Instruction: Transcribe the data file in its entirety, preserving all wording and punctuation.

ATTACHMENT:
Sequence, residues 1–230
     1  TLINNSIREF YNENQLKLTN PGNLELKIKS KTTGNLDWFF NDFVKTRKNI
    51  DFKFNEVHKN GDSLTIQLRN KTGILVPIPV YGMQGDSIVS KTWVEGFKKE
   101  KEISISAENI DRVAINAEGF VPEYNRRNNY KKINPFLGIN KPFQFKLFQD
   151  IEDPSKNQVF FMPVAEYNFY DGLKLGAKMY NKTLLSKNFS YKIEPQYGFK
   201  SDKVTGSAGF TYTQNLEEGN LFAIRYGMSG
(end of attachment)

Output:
Sequence, residues 1–230
     1  TLINNSIREF YNENQLKLTN PGNLELKIKS KTTGNLDWFF NDFVKTRKNI
    51  DFKFNEVHKN GDSLTIQLRN KTGILVPIPV YGMQGDSIVS KTWVEGFKKE
   101  KEISISAENI DRVAINAEGF VPEYNRRNNY KKINPFLGIN KPFQFKLFQD
   151  IEDPSKNQVF FMPVAEYNFY DGLKLGAKMY NKTLLSKNFS YKIEPQYGFK
   201  SDKVTGSAGF TYTQNLEEGN LFAIRYGMSG